After all the twists and turns in the Women’s Super League title race this season, just one point separates the top two going into the final round.
Defending champions Chelsea, chasing a third consecutive title, trailed Arsenal for most of the campaign but go into their last match holding the advantage.
The Blues host Manchester United on Sunday (12:00 BST), while at the same time second-placed Arsenal wrap up their WSL campaign at West Ham.
Chelsea manager Emma Hayes, in her 10th year at the club, has seen it all before. She is up against Gunners boss Jonas Eidevall, who is in his first season in the WSL.
While the battle between the clubs has been intense, the clashes between the managers have added spice to the title race. Here we look at the growing rivalry between the pair.
Knee slides, purring and digs
Eidevall made a memorable entrance in the WSL. After claiming an impressive 3-2 victory over Chelsea in his first match in charge, he celebrated wildly on the touchline.
Those celebrations at Emirates Stadium didn’t go unnoticed. Former England goalkeeper Rachel Finnis-Brown described it as an “almost knee-slide” and suggested it sparked the rivalry between the two managers, because it appeared to be in the direction of his counterpart.
“I think that flame was lit on the first day of this season,” she said this week. “I’m not sure that that has been digested yet by Emma Hayes. But what a way to start his career in the WSL with Arsenal.”
The next encounter between the teams saw Chelsea triumph in the delayed FA Cup final 3-0, and the Blues manager could not resist a dig in her post-match comments.
She said her side were “purring” after the win – but that came after Eidevall had revealed before the match that he was superstitious about black cats. “Everything about us… we just purred from start to finish,” she said.
Eidevall landed a blow of his own recently when he suggested Chelsea had rearranged fixtures in January to avoid playing without star striker Sam Kerr while she was away at the Asian Cup.
The Blues requested their match against Tottenham was rescheduled because of Covid cases and injuries, while their game against Everton was postponed at the request of the Toffees.
“I am very disappointed with the lack of transparency in the reasons behind postponing games and how long they take to reschedule,” the Arsenal boss said at the time. Hayes simply responded by saying: “I don’t care.”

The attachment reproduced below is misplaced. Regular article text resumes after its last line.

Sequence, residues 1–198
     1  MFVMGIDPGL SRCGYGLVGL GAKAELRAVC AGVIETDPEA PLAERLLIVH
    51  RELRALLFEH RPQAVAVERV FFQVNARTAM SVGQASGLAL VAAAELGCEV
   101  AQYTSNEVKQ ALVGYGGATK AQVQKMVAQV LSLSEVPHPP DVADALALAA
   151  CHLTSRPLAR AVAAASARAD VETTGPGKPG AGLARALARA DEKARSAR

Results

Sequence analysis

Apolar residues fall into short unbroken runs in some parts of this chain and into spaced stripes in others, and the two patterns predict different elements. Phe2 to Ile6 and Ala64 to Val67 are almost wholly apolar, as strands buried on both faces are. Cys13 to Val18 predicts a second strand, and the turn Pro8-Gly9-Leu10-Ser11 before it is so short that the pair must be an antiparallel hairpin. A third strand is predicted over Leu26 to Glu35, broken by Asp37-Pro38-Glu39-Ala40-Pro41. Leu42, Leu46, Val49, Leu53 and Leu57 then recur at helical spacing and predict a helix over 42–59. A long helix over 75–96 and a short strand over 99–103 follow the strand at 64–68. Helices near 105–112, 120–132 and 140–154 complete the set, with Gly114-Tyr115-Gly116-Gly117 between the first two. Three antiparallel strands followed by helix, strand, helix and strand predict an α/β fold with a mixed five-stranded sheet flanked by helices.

And while the two teams have been billed as rivals this campaign because of the WSL title race, Hayes has downplayed it. “Playing against Arsenal as Chelsea manager is always a great game for us,” she said. “But it has never been our rival game. Manchester City has always been that.
“This is a London derby so it’s slightly different. There’s a lot more fan involvement, press interest, but I’ve always thought the bigger game was us versus Manchester City over the years.”
The sides have met four times this season, with Chelsea claiming two victories compared with Arsenal’s one. Both of those wins came in the FA Cup, however, with Arsenal having the upper hand in the league, claiming four points from those fixtures.
|5 September 2021||Arsenal 3-2 Chelsea||Women’s Super League|
|5 December 2021||Arsenal 0-3 Chelsea (at Wembley)||20-21 FA Cup final|
|11 February 2022||Chelsea 0-0 Arsenal||Women’s Super League|
|17 April 2022||Arsenal 0-2 Chelsea||21-22 FA Cup semi-final|
How does their title experience compare?
Hayes may have won five WSL titles, but this is not the first time her side have let it go down to the wire.
In 2014, Chelsea lost out on their first-ever title to Liverpool on goal difference on the last day of the campaign, having held a three-point cushion over the Merseyside club going into the final match.
But Hayes, who won Fifa coach of the year in January, learnt from that blow and took revenge in 2015, denying Manchester City the title by beating Sunderland 4-0, holding on to their two-point advantage and lifting their first WSL trophy.
Since 2015 Hayes has gone on to win a further four titles, while Eidevall is gunning for his first – an impressive feat for his debut season in England.
And he does have pedigree in winning championships, having guided FC Rosengard to three Swedish league titles between 2013 and 2019 and a Swedish Cup in 2018.
Whose season has been more successful?
Chelsea failed to come close to matching last season’s achievement of reaching the Champions League final, exiting in the group stages after a 4-0 capitulation at Wolfsburg.
They also lost out on their third consecutive Continental League Cup trophy to Manchester City.
The Blues had a number of postponed matches when their squad – or their opponents’ – was decimated by Covid. That gave Arsenal the opportunity to stretch their lead at the top of the league, while it clogged up the Blues’ schedule in the latter stages of their season.
Eidevall’s side took the honour of being the last British side remaining in the Champions League by reaching the quarter-finals, although they made a meek exit at that stage to Wolfsburg. They were also knocked out of the League Cup in the last eight by Manchester United.
Both sides have had lapses in concentration in otherwise rampant league campaigns – Chelsea’s shock defeat came at Reading while the Gunners lost to bottom side Birmingham.
Whichever manager misses out on the title may look back on those dropped points as the defining point of the season.
But, with Arsenal announcing on Friday that Eidevall’s contract will be extended until 2024, both managers – and fans – can look forward to the duo resuming their rivalry next season.
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